The Supreme Court of Canada recently released its long-awaited decision in IBM Canada Ltd. v. Waterman, addressing the deductibility of pension payments from an award of damages for wrongful dismissal. In a 7-2 decision, the Court held that pension payments are generally not deductible.

Mr. Waterman was employed by IBM Canada Ltd. for over 42 years, and was a participant in IBM’s defined benefit pension plan. Following the termination of his employment without cause and without reasonable notice, Mr. Waterman commenced a lawsuit for wrongful dismissal and began drawing from his pension.

IBM argued that the pension benefits paid to Mr. Waterman during the reasonable notice period should be deducted from any award of damages for wrongful dismissal. The company’s position was based on the general rule that damages for wrongful dismissal should place the dismissed employee in the economic position he or she would have been in had the employer not breached the employment contract. IBM said that failing to deduct pension benefits from the reasonable notice period would put Mr. Waterman in a better position than if his employment had not been terminated. In other words, a failure to deduct the pension payments would result in a windfall to Mr. Waterman because he would receive damages for wrongful dismissal and pension income during the notice period, even though he would not have been able to draw from his pension had IBM insisted that he continue in employment during that time.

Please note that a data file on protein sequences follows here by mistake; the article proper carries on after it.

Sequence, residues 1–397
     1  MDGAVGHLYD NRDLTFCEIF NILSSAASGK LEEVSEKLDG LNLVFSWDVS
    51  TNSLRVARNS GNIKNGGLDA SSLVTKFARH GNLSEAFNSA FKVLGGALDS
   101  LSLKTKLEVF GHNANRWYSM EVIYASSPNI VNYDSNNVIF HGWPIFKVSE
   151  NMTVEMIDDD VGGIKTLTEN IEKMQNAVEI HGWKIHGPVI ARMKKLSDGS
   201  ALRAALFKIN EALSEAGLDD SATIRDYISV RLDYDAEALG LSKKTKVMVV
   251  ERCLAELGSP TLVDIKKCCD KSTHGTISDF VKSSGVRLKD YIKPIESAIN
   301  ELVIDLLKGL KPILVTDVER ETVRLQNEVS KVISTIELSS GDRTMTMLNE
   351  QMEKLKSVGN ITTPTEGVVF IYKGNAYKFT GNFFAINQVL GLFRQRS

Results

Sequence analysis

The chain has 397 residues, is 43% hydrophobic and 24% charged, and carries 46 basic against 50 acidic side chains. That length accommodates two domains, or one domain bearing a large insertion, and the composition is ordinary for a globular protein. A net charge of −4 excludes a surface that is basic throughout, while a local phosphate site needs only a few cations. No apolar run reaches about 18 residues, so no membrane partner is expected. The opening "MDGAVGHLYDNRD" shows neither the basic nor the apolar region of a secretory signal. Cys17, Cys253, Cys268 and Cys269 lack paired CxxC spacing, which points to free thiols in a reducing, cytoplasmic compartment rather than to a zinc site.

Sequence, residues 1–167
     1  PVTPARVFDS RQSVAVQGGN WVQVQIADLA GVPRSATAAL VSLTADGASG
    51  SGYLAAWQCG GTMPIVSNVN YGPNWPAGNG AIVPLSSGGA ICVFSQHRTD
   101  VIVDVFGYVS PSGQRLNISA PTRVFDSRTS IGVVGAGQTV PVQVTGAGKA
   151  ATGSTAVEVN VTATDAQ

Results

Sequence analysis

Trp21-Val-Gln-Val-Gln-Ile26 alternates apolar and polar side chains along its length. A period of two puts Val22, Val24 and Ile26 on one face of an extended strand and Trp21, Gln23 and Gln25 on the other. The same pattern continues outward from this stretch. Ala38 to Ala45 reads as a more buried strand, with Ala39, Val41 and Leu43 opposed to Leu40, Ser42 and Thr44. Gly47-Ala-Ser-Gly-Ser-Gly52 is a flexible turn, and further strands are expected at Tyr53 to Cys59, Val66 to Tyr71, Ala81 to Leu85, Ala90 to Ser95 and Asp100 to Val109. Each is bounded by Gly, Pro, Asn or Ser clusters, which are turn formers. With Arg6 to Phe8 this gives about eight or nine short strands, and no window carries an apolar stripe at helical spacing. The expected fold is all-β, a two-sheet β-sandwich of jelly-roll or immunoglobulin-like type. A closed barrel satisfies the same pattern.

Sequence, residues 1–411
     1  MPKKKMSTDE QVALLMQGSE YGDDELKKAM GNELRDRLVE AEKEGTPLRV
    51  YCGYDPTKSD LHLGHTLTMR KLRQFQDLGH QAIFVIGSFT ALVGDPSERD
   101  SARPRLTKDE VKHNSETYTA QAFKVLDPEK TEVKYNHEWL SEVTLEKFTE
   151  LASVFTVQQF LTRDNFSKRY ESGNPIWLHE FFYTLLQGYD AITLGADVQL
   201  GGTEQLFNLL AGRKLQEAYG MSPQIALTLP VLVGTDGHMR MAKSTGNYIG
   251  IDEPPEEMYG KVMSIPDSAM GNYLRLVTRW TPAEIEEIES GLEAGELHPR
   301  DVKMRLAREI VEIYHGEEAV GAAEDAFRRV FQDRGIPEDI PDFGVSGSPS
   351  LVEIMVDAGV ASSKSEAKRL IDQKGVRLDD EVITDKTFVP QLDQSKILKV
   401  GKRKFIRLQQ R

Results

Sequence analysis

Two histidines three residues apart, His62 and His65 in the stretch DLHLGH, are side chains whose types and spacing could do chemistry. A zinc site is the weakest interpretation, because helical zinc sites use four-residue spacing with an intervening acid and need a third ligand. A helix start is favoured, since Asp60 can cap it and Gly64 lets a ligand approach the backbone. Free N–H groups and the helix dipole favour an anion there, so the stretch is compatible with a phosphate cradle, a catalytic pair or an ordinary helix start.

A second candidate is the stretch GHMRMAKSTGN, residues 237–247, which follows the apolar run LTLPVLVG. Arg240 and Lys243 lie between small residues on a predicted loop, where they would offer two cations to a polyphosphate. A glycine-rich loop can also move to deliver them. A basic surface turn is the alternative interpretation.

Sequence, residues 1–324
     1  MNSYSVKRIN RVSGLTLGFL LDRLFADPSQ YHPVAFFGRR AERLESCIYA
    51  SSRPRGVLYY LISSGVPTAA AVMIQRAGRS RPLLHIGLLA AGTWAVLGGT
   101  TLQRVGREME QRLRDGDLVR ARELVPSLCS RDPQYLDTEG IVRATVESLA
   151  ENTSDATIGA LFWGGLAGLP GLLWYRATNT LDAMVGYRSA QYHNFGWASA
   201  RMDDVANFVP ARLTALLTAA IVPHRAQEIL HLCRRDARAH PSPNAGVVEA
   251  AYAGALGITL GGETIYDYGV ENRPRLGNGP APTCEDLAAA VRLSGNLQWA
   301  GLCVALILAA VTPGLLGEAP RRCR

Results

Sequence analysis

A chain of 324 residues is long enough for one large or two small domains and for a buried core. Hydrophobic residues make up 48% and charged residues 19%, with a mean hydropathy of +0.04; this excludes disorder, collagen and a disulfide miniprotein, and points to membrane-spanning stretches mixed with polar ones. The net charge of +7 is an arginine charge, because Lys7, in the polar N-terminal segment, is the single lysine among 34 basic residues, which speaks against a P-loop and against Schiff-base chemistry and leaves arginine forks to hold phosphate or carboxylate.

The majority of the Court disagreed with IBM and declined to deduct the pension payments. The majority noted that Mr. Waterman’s pension income was a form of retirement savings, not an indemnity for wage loss. In summary, the Court concluded that “employee pension payments, including payments from a defined benefits plan as in this case, are a type of benefit that should generally not reduce the damages otherwise payable for wrongful dismissal.”

This is an important decision as it helps clarify a muddy area of law, particularly in British Columbia. Although the Supreme Court of Canada did not shut the door on the deductibility of pension payments in all cases, employers will likely face considerably more difficulty in successfully arguing that pension payments (and other similar payments) should be deducted from an award of damages for wrongful dismissal. That being said, deductibility will ultimately turn on the context of the facts and the terms of the contract in issue.

IBM Canada Limited v. Waterman, 2013 SCC 70